Our crew fundraises to go to either the Sea Base or its counterpart to do large ship sailing for a week every 2-3 years, this involves a caravan drive across country, camping each night and is the most expensive thing the crew does. Most of our activities are more or less local and that helps keep costs down. So it can be done relatively inexpensively if you keep your eyes and ears open for bargains. High Adventure does not have to equal big bucks or massive expeditions. Many of our activities are done at local parks or lakes or rivers with a minimum of expense.


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Believe whatever the heck you want but you are dead wrong. The drop in numbers on Boy Scouts only does ring true, whether you agree or not is irrelevant.


Watered down troop programs are the main cause for individual boy scouts leaving troops, as well as undertrained SM's and ASM's, all of which results in a dull and boring scouting experience for the boys. It is not an image issue or lack of advertising, although they are secondary factors. Boy Scouts has always had an image problem, even when I was a boy scout other kids made fun of the uniform, calling us good deed daily boys, etc, much like today. So Barry I really don't know what world you are living in but it seems way out of whack with the reality of today.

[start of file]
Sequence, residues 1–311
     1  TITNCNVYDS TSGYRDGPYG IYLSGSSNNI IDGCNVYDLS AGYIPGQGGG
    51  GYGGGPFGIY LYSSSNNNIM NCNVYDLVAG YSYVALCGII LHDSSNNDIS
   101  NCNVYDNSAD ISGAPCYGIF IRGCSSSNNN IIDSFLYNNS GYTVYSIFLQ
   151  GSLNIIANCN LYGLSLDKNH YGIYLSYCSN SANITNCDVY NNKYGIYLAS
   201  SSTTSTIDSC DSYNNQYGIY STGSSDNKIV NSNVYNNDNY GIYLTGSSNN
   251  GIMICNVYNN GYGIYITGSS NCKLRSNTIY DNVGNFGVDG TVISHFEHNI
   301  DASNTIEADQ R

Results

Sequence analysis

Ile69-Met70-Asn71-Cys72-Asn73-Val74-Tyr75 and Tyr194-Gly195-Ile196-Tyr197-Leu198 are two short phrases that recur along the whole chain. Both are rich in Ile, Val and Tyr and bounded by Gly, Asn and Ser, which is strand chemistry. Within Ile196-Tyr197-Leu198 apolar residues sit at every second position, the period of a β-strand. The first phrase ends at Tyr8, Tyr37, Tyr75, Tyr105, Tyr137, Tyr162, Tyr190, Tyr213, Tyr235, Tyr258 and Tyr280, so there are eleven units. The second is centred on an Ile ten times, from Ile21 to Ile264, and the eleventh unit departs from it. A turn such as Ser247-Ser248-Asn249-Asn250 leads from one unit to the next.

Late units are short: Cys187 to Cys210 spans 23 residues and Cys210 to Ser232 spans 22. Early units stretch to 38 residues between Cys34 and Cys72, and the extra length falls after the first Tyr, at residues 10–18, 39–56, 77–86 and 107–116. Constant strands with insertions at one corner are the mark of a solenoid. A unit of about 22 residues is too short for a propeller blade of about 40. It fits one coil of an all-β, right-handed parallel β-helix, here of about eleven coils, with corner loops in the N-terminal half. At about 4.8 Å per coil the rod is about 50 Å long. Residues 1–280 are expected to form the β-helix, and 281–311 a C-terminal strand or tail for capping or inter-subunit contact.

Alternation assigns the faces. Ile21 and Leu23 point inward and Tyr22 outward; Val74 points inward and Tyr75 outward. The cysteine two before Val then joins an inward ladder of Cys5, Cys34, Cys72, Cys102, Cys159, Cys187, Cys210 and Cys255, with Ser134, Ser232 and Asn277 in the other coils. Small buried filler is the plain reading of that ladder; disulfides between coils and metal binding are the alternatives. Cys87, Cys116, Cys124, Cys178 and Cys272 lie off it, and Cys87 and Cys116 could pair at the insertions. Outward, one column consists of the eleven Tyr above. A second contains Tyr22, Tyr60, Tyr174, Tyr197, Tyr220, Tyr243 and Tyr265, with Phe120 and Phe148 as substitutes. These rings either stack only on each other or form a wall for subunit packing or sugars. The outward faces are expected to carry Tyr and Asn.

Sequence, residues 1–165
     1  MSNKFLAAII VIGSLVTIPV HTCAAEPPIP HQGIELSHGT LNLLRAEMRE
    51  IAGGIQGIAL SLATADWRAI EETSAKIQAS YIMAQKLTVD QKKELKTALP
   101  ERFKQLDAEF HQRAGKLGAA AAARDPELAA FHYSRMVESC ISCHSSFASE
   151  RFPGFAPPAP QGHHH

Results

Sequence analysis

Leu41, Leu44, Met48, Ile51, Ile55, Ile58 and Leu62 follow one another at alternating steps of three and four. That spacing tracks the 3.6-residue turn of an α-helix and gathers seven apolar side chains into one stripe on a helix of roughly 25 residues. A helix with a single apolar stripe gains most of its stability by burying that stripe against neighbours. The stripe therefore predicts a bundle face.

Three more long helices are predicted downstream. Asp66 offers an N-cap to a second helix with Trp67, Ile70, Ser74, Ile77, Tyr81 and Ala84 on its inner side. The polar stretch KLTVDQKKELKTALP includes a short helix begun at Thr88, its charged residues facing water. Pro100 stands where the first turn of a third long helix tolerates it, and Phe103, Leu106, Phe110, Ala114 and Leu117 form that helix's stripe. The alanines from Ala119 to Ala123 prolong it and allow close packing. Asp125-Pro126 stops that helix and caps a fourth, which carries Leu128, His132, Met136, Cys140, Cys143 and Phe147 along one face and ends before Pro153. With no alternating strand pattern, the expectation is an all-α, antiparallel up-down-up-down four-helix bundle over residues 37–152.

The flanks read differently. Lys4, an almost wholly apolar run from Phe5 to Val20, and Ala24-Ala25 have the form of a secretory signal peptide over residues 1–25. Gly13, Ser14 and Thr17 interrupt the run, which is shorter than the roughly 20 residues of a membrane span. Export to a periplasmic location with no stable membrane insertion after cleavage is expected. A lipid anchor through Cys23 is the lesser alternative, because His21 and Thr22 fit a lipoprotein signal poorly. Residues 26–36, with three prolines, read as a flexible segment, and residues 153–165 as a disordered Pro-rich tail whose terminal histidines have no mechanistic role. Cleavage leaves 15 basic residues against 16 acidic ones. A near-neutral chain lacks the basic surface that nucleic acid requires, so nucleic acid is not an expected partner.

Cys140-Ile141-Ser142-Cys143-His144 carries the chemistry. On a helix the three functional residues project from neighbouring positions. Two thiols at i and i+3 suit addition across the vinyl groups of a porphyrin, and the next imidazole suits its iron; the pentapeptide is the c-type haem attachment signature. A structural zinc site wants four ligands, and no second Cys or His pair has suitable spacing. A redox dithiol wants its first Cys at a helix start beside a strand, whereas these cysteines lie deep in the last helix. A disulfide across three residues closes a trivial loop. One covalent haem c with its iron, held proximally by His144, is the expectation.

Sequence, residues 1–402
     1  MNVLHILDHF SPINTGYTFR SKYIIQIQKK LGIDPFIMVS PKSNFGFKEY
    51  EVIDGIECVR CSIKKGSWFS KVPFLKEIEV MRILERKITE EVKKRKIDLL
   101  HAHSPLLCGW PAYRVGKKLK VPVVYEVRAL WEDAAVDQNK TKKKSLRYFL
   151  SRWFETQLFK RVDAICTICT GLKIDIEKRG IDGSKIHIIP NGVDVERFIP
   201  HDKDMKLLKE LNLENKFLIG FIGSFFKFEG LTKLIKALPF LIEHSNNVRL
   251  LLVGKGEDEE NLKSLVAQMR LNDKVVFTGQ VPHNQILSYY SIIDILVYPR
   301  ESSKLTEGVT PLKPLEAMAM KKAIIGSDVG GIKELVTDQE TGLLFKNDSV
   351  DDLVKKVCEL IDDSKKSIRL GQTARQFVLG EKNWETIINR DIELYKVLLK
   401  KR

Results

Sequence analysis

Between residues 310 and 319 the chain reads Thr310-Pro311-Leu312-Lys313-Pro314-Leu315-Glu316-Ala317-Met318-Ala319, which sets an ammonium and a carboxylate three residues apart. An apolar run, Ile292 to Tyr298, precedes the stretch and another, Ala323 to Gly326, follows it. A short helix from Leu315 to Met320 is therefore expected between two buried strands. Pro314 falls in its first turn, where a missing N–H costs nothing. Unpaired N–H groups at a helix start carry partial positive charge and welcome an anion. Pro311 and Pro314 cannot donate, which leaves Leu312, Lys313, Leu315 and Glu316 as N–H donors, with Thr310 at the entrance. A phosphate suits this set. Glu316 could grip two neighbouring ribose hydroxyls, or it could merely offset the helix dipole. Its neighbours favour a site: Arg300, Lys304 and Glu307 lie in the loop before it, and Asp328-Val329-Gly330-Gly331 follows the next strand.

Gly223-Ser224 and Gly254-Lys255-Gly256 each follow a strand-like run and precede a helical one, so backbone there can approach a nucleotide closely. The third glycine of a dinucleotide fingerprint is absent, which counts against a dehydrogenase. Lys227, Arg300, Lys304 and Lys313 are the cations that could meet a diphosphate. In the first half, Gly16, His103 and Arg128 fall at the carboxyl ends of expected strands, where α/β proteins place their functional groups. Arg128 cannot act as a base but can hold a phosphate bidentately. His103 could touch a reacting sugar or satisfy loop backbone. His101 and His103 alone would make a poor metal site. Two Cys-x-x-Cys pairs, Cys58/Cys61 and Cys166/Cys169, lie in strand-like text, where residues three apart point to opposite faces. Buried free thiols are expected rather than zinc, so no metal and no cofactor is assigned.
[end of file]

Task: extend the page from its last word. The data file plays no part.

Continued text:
I too love the scouting program and want to see it prosper not continue to shrink, unfortunately National seems more concerned with boosting numbers and money with new lackluster programs that have less and less to do with the foundation that made scouting the best and most unique youth organization in the country, and the dropping numbers prove it.(This message has been edited by BadenP)

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Once again thanks for everyones input. I would like to remind that I am fairly new to the Scouting scene. One thing that has been mentioned I really like/ find very informative, is the WEBELOS program. The pack my boys were in does 2 campouts a year, one Cave camping, and summer camp. That means car camping with the adults doing the work. The just stepping in CM, who was ACM last year, did much in trying to involve the older boys in more scout like activities during the outings. However there was no seperate WEBELOS campouts. My boys ended up doing several campouts with the Troop they are now in to get their requirements. I am going to try to get the new WEB 2 group to do some actual camping outside the Pack Campouts this next year.


As I also said, the current SM wants to step down in a year, wanting me to be his replacement. This is weighing heavily on my mind, and I am trying to get all the training I can under my belt so I can make a better decision(Although I beleive the decision will be made for me, there is nobody else even remotely interested in doing more for the Troop). I am hoping that maybe by next year there will be newer blood coming in and someone better qualified. Who knows, maybe someone in the CO might be interested to take the position for a year or two. That was the main reason for me starting this discussion.